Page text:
Richmond Ballet’s THE SLEEPING BEAUTY
A Dance Review by Julinda D. Lewis
At: The Carpenter Theatre at Dominion Energy Center, 600 E. Grace St., RVA 23219
Performances: February 9th @ 7:00pm; February 10th @2:00pm and 7:00pm; February 11th @2:00pm
Ticket Prices: Start at $25
Info: (804) 344-0906 x224 or etix.com
The Richmond Ballet’s large-scale production of the timeless fairy tale, The Sleeping Beauty, staged by Malcolm Burn is simply beautiful. From the classical choreography by Marius Petipa, with additions by Burn, paired with the music of Peter Ilyich Tchaikovsky to the stunning technical execution by the dancers to the elegant three-dimensional set by Michael Eagan, The Sleeping Beauty is a masterful piece of theater. The music is played live by The Richmond Symphony under the direction of Resident Conductor Erin Freeman.
The work, onstage at The Carpenter Theatre at Dominion Energy Center for one weekend only, features company members Cody Beaton as Princess Aurora, Marty Davis as Prince Florimund, Lauren Archer as The Fairy of the Lilac (Wisdom), and Mate Szentes as her Cavalier. Petite Elena Bello dances the role of Carabosse, the Wicked Fairy, with Peter Elverson as King Florestan and Ballet Master Jerri Kumery in a rare character role as his Queen. Another character role, that of The Nurse, is filled by faculty member Susan Israel Massey, and Richmond Ballet II member Khaiyom Khojaev is featured as Puss ‘n Boots.
The scale of this production involves just about every company member (Ira White, recovering from an injury, was helping out at the box office on Friday night, and Maggie Small was absent recovering from a recent injury) as well as members of Richmond Ballet II, the Richmond Ballet Trainees, and students from the School of Richmond Ballet along with students from the Ballet’s Minds in Motion outreach program. Imagine the sheer power generated by twenty or thirty dancing bodies or more sharing the same stage.
The Sleeping Beauty is Tchaikovsky’s longest ballet, running nearly 4 hours, with intermissions, when performed full length – including a prologue and three acts. The Richmond Ballet production has been pared down to two acts and runs two hours, including one intermission. If that is still too long for the youngest members of the audience, they might be kept interested by frequent appearances in the second act of characters such as Puss ‘n Boots and his paramour The White Cat (Abi Goldstein), or Little Red Riding Hood and the Wolf (Savannah George and Thel Moore, III). Even the four little boys who portrayed the Trees – Carter Bush, Oliver Gardner, Hart Isacoff, and Zachary Owen – received an ovation from one gentleman in my row, and I don’t even think he was related to either of them.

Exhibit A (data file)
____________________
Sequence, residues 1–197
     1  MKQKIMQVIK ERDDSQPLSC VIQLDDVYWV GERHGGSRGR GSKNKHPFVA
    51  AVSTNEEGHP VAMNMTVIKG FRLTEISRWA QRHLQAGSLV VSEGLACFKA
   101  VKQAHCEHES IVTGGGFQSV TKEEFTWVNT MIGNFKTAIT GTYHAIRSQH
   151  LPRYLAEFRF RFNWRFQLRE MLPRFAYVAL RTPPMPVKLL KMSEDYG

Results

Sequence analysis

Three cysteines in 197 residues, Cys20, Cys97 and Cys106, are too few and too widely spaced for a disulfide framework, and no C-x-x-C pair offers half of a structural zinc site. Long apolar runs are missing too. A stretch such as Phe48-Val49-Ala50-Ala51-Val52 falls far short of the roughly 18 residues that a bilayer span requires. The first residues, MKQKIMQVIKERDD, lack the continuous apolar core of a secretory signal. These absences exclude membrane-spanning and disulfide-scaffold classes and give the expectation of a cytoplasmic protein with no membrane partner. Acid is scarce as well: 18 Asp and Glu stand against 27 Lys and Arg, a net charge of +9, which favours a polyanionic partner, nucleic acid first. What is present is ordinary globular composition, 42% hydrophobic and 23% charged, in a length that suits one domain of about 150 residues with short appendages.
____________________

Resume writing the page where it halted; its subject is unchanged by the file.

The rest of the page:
The highlight of the ballet remains the Grand Pas de Deux, performed by Cody Beaton and Marty Davis. Beaton brought beauty, grace, resilience, and a touch of humor to Princess Aurora. Davis was technically crisp, noble in demeanor, and confident as Prince Florimund (originally named Prince Désiré) – as he should be after restoring the lovely Princess to life and earning her hand in marriage after a century’s long nap due to the spell cast by Carabosse on Aurora’s 16th birthday. Beaton dances with precise abandon, flinging her torso first to one side then the other, and obvious enjoyment, now leaning forward to watch the play of her arms. The couple makes the simplest choreography, like synchronized little hops backward, look beautiful, and the audience pleasing dips, lifts, and extensions look elegant and easy.
There are far too many dancers and characters to make mention of them all, but I would be remiss not to mention the lovely Eri Nishihara – a first year member of the company, she stands out as a quick, lithe, and powerful dancer in her role as Princess Florine in Act II. Khaiyom Khojaev brought confidence and sass to his role as Puss ‘n Boots, making the most of his featured moments with nuanced tilts of his masked head and eerily authentic feline swipes of his paws – I mean hands. The Sleeping Beauty ballet is a treat for the eyes, ears, and soul.
Julinda D. Lewis is a dancer, teacher, and writer who was born in Brooklyn, NY and now lives in Eastern Henrico County.